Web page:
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March 19, 2001

Creekmore Award to
culminate spring events

Beth Kurylo is communications coordinator for the Office of International Affairs.

A tempting array of international activities is taking place across campus this spring, culminating in an award presentation to a professor or staff member who excels in the advancement of the University’s commitment to internationalization.

The Creekmore Award for Internationalization, established by a generous gift from Claus Halle, honors the work of Ambassador Marion Creekmore, Emory’s former vice provost for international affairs and director of the Halle Institute. The award carries a prize of $10,000. Creekmore, who retired last June, received the first award last year.

Nominations for this year’s recipient will be accepted until April 2. Forms are available at the Office of International Affairs and online at

The award will be presented at an April 25 dinner in Winship Ballroom. The ceremony is one of the last international events of the academic year.

The Office of International Affairs (OIA), with support from the Ethos Committee of the Council of International Affairs, has compiled a sampling of more than four dozen other internationally focused spring events. The calendar is on the back of a poster called “Spring at Emory: A Global Affair” that will appear on bulletin boards and be distributed to departments across campus. Copies are available at the post office, the OIA and on the OIA website.

The events represent a diverse array of lectures, symposia, concerts, films and activities open not only to Emory faculty, staff and students, but also to the public.

“When we started looking at what international activities were planned this semester, we were struck by how many there are,” said Thomas Arthur, interim vice provost for international affairs. “These kinds of activities go on at Emory all the time, but we wanted to focus attention on them in one place. We wanted to provide a menu for this feast.

“A University can’t be truly international unless everyone on campus feels it in the air as a part of the ethos,” Arthur continued. “When you look at the international events planned over just a two-month period, you can see that we are hosting many world-class concerts and speakers. But we also have substantial representation from Emory faculty involved in international activities. There are many opportunities for people to participate and learn.”

Highlights include:

• Gunter Blobel, who received the 1999 Nobel Prize for Medicine, will speak at 4 p.m. March 22 in the Cell Biology/Physiology Building. The following day, he will speak at a Halle Institute luncheon about his work to restore the Frauenkirche (Church of Our Lady) in Dresden, Germany.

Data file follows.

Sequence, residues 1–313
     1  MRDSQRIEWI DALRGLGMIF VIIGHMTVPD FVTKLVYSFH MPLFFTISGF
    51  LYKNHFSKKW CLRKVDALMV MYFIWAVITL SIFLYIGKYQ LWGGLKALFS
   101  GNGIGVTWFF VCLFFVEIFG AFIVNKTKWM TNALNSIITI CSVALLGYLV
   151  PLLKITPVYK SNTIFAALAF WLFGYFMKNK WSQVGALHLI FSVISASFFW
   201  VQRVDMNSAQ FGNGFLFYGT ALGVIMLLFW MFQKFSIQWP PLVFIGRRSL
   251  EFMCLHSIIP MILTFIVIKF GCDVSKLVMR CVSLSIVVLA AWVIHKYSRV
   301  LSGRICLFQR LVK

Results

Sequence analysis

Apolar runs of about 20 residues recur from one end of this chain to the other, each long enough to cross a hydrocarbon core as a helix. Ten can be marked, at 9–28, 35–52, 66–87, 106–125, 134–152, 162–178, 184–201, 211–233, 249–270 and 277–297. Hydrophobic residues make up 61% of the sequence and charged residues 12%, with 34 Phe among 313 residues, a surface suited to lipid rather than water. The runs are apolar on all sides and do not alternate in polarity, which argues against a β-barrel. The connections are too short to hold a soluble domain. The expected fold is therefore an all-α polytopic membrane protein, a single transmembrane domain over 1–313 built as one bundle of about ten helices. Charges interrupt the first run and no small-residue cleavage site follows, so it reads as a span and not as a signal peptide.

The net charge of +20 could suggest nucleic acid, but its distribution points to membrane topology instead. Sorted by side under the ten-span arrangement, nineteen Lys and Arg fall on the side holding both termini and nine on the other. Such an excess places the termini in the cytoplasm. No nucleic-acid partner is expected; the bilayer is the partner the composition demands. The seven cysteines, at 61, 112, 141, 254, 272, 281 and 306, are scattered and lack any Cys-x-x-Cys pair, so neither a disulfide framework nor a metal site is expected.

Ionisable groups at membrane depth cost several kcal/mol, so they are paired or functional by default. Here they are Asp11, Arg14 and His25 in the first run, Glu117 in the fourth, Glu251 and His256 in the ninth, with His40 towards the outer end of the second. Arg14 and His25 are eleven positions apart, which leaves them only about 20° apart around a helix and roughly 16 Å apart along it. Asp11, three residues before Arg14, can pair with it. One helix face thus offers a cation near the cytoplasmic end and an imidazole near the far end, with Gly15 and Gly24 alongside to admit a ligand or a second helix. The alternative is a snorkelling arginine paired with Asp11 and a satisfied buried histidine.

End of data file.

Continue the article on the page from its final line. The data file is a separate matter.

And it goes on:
As part of the Year of Reconciliation, the World Issues Workshop will be held Thursday, April 5, from 5:30–9:30 p.m. in the Cox Hall Ballroom (click here for full story). This fast-paced global simulation is played on a large map of the world, and players represent everyone from U.N. leaders to international journalists. Participants can gain a global perspective and utilize leadership, team-building, problem-solving and negotiation skills to address important global issues.

• The 25th annual International Cultural Festival will be held Saturday, April 7, from noon to 5 p.m. on the Quadrangle. This year’s festival, called “Cultures and Colors Converge,” will feature international food, booths, song, dance and cultural presentations. The festival is free and open to the public.

• Strobe Talbott, former deputy secretary of state in the Clinton administration, will give a public lecture at 8 p.m. on April 5 in WHSCAB Auditorium. His visit is sponsored by the Halle Institute.

Rockefeller Foundation Fellow Patricia Hayes will give a seminar on “Vision and Violence: War Photographies from Angola and Namibia,” April 10 at 4 p.m. in S423 Callaway Center.

• William Ransom and Sadao Harada will perform with the Tokyo String Quartet in the Oxford Day Chapel on Monday, April 23, at 8 p.m.

• A series of banned Soviet films from the 1960s and 1970s will be shown every Wednesday at 7:30 p.m. through April 25 in 205 White Hall. The films are sponsored by the Emory College Cinematheque in collaboration with the Russian and Eastern European Studies Program, the OIA and the Ethos Committee.


Back to Emory Report March 19, 2001